With all the technological advancements made in the world of cosmetic and restorative dentistry we no longer have to live with damaged, stained or missing teeth. And we no longer have to put up with a bite deficiency that hampers our speech and chewing, or grapple with self-image issues due to the appearance of our teeth. One of the modern dental treatments that not only restores the strength and function of our teeth but also the smile aesthetics is porcelain dental crown.

What is a Porcelain Crown?

The dental crown is a tooth-like cap that is placed over a decayed or damaged tooth to reinforce its structure and protect it from further damage. Porcelain is a particular type of ceramic material that has been enjoying immense popularity among beauty-conscious dental patients. Not only is it a robust material, fabricated by firing and stacking, its aesthetic qualities – tooth-coloured material with lifelike translucency – are no less appealing. When the porcelain crown is fitted over a damaged tooth, it strengthens the underlying tooth while giving it a beautiful and natural-looking exterior.

A porcelain crown is a tooth like cap made out of a type of ceramic material.

The dental crown is a tooth-like cap that is placed over a decayed or damaged tooth to reinforce its structure and protect it from further damage.

These metal-free restorations are also biocompatible, therefore for suitable for patients who present with metal allergies. The strong and durable mechanical properties of all-ceramic porcelain restorations make it a great treatment of choice for bruxers – people with a habitual sub-conscious tendency to grind and clench their teeth. The porcelain crown offers an ideal solution in cases where decay, disease or injury has destroyed a large portion of the original tooth.

Why Porcelain Crowns are Popular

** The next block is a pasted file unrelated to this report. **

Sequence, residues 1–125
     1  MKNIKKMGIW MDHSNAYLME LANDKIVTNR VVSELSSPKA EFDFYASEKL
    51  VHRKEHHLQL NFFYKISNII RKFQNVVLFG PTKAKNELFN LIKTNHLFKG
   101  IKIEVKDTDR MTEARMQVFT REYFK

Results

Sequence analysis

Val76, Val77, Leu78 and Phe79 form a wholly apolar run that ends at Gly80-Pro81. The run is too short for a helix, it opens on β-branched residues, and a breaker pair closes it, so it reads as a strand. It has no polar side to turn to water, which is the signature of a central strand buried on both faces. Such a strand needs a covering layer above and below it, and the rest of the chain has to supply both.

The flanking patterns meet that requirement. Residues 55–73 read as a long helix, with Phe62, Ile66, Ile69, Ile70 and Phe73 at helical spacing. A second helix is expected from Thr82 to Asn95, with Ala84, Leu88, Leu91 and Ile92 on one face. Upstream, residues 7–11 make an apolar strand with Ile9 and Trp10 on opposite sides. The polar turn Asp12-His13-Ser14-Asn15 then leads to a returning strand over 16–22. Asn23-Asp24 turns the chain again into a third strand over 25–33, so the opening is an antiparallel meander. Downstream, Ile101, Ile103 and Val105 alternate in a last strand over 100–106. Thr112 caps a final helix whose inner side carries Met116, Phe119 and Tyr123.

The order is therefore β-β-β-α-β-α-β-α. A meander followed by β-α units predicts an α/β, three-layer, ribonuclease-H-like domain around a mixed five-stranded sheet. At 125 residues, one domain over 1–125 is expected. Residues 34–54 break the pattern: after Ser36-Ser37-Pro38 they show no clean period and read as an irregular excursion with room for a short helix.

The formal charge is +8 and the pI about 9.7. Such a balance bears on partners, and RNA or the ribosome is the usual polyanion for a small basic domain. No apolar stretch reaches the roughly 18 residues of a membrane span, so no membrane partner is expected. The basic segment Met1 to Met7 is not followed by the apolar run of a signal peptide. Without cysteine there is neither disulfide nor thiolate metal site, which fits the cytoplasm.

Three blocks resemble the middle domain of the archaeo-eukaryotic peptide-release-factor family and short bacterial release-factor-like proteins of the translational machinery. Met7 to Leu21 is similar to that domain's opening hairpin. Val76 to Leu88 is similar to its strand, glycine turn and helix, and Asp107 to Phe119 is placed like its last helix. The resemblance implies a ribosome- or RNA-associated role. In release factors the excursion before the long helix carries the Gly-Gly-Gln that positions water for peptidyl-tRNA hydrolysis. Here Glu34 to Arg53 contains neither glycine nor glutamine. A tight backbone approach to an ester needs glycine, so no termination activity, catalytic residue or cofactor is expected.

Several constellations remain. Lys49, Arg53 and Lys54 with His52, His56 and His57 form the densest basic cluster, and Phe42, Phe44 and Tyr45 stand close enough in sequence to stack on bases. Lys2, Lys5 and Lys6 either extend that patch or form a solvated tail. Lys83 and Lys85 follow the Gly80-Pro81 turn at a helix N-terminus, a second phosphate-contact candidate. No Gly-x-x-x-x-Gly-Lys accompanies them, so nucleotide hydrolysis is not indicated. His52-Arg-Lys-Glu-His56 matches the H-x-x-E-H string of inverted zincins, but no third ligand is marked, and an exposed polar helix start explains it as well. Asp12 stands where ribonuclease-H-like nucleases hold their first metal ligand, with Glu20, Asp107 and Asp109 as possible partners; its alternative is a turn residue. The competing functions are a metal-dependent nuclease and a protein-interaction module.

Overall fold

There is a reason why porcelain dental crowns remain a popular treatment option recommended by cosmetic dentists. Compared to other types of restorative treatments, porcelain crowns look a lot more natural, to the point that they are virtually indistinguishable from the rest of your healthy natural teeth. As such, they are ideal for repairing your damaged front teeth, or even used to restore the structure, function and aesthetics of discoloured fillings. When cemented properly, porcelain crowns work very well to protect what remains of the tooth that has been ravaged by decay or injury, while keeping it safe from further damage. They can even be used in conjunction with dental implants or used to support the anchorage of a bridge or denture. Crowns can also be crafted precisely as a creative method of helping your upper and lower teeth meet in ideal alignment in order to maintain a balanced bite.

Porcelain crowns are popular because they look like your natural teeth.

Crowns can also be crafted precisely as a creative method of helping your upper and lower teeth meet in ideal alignment in order to maintain a balanced bite.

More importantly, it solves a major aesthetic issue that exists with its metal-fused counterparts. Porcelain crowns eliminate the problem prevalent with most metal-fused crowns: That ugly dark line at the edge of the gums. Using modern processing technologies such as computer-aided design-and-mill (CAD/CAM) and hot pressing, porcelain dental crown procedures usher in the future of dental restorations with stronger dental and adhesive materials. The end results are stronger, more durable and aesthetically pleasing restorations.

Disadvantages of Porcelain Crowns

So what are the disadvantages? As with any technique or treatment option, there are bound to be drawbacks. Despite the strength and durability that porcelain materials possess, they cannot be expected to be as strong or lasting as metal. Similarly, they cannot produce the same biting forces that may be necessary for teeth that are designed for a lot of chewing functions, such as molars and pre-molars. For that reason, porcelain crowns are more commonly prescribed for front teeth, where the required biting forces are not nearly as pronounced.

Porcelain crowns are not as strong as metal crowns.

Porcelain crowns are more commonly prescribed for front teeth, where the required biting forces are not nearly as pronounced as with molar and pre-molar teeth.

If you want to find out how dental crowns can enhance and protect your smile call Quality Dental on (02) 99221159 to book your cosmetic consultation or visit www.qualitydental.com.au